I am sitting in a room at Aston University. It has bare white walls and work-benches with electricity and data sockets. On one wall is a digital projector and a whiteboard. It's otherwise empty. This is the Lab for ALICE, the AI team at the computer science department here. During term time it's busy but for the summer it's pretty much mine to do as I will.
Right now I'm trying to start. I know how I'm going to finish (with an exhibition in October) but the first steps are eluding me, so I've come here with a laptop and some whiteboard pens to make a stab at it. This blog post is recording that.
On Friday I had a big session with Emily Warner, one of the two performers I'm collaborating with for Instructions for Humans. This was mainly for us to get a more thorough sense of each others work and processes so that as I build the computational side of the work for her to respond to I'm doing so with her in mind. But it also helped to draw some threads together which I'd placed in very distinct silos in the initial outlines. It was great and very positive, but we covered a lot and it didn't always help with the starting.
One thing that did was a simple diagram which forms the basis for the whole piece. As an equation it could be written as:
Instructions for Humans informed by Model
Look, you have to start somewhere.
Emily has used symbols to represent movements in her Side-Effects piece and we'll initially be using these images as our basic instructions. They're appealing to be because they're quite organic shapes which could be represented as vectors, opening up a few possibilities for generating new ones.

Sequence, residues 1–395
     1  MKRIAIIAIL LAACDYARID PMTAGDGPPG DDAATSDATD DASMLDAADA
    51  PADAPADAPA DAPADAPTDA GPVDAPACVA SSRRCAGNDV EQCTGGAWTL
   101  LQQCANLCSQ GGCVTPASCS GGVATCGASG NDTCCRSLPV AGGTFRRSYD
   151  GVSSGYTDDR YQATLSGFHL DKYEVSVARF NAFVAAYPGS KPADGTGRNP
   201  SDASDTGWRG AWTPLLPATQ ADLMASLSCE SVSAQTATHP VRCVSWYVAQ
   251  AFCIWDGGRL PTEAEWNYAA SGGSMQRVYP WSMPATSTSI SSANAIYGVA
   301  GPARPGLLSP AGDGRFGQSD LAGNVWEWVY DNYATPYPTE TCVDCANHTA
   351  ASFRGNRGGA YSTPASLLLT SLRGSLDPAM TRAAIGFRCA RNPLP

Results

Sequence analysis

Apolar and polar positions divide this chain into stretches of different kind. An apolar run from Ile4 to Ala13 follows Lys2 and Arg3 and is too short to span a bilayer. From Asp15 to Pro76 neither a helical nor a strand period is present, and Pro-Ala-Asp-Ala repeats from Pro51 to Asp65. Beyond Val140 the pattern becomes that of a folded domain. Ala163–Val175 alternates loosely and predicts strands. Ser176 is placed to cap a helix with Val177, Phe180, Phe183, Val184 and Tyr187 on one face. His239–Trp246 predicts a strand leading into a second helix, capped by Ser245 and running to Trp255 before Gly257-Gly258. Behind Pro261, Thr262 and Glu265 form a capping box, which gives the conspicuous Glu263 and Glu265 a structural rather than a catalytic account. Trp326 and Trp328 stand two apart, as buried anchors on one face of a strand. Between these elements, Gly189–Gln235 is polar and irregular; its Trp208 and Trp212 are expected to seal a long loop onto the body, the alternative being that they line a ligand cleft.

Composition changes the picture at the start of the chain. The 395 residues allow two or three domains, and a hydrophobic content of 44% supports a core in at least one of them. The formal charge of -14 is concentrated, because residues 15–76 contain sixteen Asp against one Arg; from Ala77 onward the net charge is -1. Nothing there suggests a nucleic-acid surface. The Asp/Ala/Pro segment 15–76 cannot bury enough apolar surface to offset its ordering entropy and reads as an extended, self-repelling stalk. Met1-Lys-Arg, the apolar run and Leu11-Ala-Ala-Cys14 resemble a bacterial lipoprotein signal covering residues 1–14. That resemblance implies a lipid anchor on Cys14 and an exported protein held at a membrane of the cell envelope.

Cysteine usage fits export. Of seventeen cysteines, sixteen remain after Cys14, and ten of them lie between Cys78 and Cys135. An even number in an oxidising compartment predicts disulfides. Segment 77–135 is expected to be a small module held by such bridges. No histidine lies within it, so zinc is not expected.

These shapes represent specific movements, so there's the concept there of a "matched pair". The pix2pix system uses training with matched pairs to generate new images from a new single image, so there's a framework here to work with. The issue here is there's not necessarily a visual similarity between the shape and the movement - the connection is something else, but representing abstract concepts connecting inputs and outputs is a (very important) problem for later.
And while these images by Kandinsky are beautiful, I don't want that sort of literal representation.
So, there's the Instruction which prompts a gesture or action from the Human. Now we need to bring in the Model.
A model, in machine learning jargon, is the data that is produced after training which is used to create outcomes from inputs. So a model trained on pairs of images where one is an outline and the other is a photograph will be able to create a new photo-style image from any drawn outline it is given. This is how edges2cats works.
The model I'll be creating will be trained on "Birmingham" through an array of sensors and feeds supplying visual and other data. One major task is to use that data to inform the flow between instructional score and human performance. In Emily's work this role is taken by the space she's working in. It's not about slavishly turning the shape into a movement. It's about using the shape to guide and frame movement that is ultimately about the immediate environment.
Shape + Space = Movement
In this scenario, instructions aren't literal. They're not saying "turn three times on the spot and raise your hands above your head". They're not really "saying" anything at all. They should be thought of as suggesting a framework, a direction, an approach through which to engage with stuff, closer to the instruction "walk slowly and think about the sky", or maybe just "slow sky".
More accurately the instruction is "Look around you and 'slow sky'".
So within the system we're devising, Emily will be asked to respond to an instruction while aware of the model of Birmingham generated by the machine learning system. This could be as simple as having her perform by a projection of outputs from that system, and that's probably a good starting point. The system gives her a shape and an environment from which to create a movement.
There's a good starting point.
Next I need to deal with the following:
And plenty more besides!
Back at Aston on Wednesday. More then.